got this from a friend...i didn't know the fifth was a holiday of sorts. i should celebrate the fifth and juneteenth b/c i definitely can't get into the fourth like most people do.
Happy Fifth of July, New York!
By LOUISE MIRRER, JAMES OLIVER HORTON and RICHARD RABINOWITZ
Published: July 3, 2005
STANDING before a gathering of the Ladies' Antislavery Society in
Rochester, Frederick Douglass, newspaper editor and internationally known
voice of abolition, moved his audience with the force of his argument. It
was July 5, 1852, the day after the national celebration of American
independence. This former slave confronted a hushed crowd and a nation
with the stunning question: "What, to the American slave, is your Fourth
Douglass followed his question, an indictment of America's commitment to
the value of human freedom in the decades before the Civil War, with an
equally challenging reply: "A day that reveals to him, more than all other
days in the year, the gross injustice and cruelty to which he is the
In the wake of the new federal Fugitive Slave Law of 1850, which allowed
bounty hunters to seize runaway slaves who had fled to states where
slavery was illegal, Douglass spoke bitterly of the betrayal of American
ideals. The law gave those accused of being fugitive slaves no right to a
trial or even to speak in self-defense. It thus endangered the already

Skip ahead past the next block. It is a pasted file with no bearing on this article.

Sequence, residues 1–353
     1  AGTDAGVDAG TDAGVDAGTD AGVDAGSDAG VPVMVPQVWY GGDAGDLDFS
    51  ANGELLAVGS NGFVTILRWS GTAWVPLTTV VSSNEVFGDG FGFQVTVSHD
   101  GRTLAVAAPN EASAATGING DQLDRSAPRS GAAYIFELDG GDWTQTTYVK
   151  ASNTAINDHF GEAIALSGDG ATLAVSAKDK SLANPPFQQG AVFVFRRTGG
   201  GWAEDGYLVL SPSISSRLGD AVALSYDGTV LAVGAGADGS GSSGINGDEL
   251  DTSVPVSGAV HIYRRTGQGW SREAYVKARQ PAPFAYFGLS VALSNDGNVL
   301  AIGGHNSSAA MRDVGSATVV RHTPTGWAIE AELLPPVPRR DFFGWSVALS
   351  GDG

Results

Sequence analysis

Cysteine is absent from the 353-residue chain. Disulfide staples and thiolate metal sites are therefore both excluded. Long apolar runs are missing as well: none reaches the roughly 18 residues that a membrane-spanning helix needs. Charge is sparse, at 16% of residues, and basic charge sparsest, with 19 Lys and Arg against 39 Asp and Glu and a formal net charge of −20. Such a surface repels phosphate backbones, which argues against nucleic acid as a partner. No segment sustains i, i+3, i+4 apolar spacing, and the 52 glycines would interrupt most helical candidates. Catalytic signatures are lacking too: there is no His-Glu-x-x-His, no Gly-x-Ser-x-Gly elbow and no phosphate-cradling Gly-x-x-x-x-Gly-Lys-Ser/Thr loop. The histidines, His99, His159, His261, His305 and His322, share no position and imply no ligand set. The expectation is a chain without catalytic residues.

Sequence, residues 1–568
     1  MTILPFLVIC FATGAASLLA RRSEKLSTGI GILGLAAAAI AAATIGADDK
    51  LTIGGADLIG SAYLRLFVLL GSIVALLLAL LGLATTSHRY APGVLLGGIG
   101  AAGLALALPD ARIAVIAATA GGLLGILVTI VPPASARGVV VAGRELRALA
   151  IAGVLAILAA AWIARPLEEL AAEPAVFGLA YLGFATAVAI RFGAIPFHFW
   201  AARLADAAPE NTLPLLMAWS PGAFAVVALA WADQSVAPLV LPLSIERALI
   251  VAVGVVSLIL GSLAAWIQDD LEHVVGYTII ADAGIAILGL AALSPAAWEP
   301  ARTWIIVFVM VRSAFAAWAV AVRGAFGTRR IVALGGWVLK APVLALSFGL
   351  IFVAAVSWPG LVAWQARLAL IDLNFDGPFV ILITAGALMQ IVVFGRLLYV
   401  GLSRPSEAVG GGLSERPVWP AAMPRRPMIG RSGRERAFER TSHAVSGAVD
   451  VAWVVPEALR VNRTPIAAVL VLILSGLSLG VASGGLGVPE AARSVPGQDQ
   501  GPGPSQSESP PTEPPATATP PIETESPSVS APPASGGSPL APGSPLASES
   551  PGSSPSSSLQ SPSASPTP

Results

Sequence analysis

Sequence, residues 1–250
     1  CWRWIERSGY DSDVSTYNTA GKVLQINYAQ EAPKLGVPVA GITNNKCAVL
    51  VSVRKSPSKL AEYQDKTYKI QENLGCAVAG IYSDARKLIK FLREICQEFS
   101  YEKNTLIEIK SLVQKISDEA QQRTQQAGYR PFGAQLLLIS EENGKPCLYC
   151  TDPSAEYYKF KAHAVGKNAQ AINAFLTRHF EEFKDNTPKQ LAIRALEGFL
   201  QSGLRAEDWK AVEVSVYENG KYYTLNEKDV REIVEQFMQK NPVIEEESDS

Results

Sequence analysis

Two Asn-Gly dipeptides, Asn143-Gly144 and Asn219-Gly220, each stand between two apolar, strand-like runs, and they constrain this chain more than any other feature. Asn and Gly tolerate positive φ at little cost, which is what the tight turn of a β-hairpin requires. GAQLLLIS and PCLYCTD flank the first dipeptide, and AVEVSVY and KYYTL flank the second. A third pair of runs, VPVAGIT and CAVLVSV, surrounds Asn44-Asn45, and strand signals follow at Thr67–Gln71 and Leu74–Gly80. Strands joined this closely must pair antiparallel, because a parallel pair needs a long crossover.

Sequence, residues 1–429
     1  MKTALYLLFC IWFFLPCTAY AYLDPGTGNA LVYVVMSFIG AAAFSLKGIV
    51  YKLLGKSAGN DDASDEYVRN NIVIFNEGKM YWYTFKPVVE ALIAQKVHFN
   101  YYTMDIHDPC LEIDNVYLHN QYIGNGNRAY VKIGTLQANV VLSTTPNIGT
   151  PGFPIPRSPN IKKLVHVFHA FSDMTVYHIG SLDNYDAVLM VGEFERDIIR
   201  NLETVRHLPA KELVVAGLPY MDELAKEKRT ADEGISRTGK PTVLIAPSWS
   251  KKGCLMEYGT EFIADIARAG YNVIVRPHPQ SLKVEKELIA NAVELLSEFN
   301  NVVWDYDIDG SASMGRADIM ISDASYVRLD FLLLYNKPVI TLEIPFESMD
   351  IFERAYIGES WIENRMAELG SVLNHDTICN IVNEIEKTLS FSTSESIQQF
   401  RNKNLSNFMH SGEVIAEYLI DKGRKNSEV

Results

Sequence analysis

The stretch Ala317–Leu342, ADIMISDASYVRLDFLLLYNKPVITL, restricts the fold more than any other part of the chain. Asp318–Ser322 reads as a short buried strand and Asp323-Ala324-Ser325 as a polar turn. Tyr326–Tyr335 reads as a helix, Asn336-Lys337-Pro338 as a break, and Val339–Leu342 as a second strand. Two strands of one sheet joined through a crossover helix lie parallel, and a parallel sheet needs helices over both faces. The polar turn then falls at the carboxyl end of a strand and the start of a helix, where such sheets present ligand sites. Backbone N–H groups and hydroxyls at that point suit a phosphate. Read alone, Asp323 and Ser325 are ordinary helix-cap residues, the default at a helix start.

precarious liberty of free black people everywhere in the country,
including those in New York State, where slavery had officially ended a
quarter century before in 1827.
Although most people today imagine slavery as a Southern institution, it
existed in all of the original 13 British colonies. In New York, it was an
important labor system for 200 years, beginning with the arrival of the
first African slaves in New Amsterdam in 1627. Recent excavations in Lower
Manhattan that uncovered the African Burial Ground have brought the city's
connection to slavery to public attention. Still, most New Yorkers and
Americans today have little sense of the city's and state's long
involvement with slavery. Public schools teach little of the history of
slavery that, as the historian Ira Berlin has recently remarked,
"insinuated itself into every nook and cranny of life in New York City."
Slavery was central to New York's development from its formative years as
a Dutch and British colony to the early days of the United States. During
British rule, 40 percent of New York City households owned slaves, who
accounted for 20 percent of the city's population. There were more slaves
in New York City than in any other city in the British colonies except
New Yorkers owned and traded in slaves, rented out their slaves as day
laborers and produced ships and trading merchandise for slaving voyages.
Landmarks in Manhattan that were built by slaves include the wall on Wall
Street, Fort Amsterdam in what is now Battery Park, the road that became
Broadway, the first and second Trinity Church buildings and the first city
hall (the Dutch Stadt Huys on Pearl Street).
The story of New York's black population during slavery includes heroes
like the poet Jupiter Hammon and the actor James Hewlett who resisted
injustice even as they produced a rich cultural legacy in the face of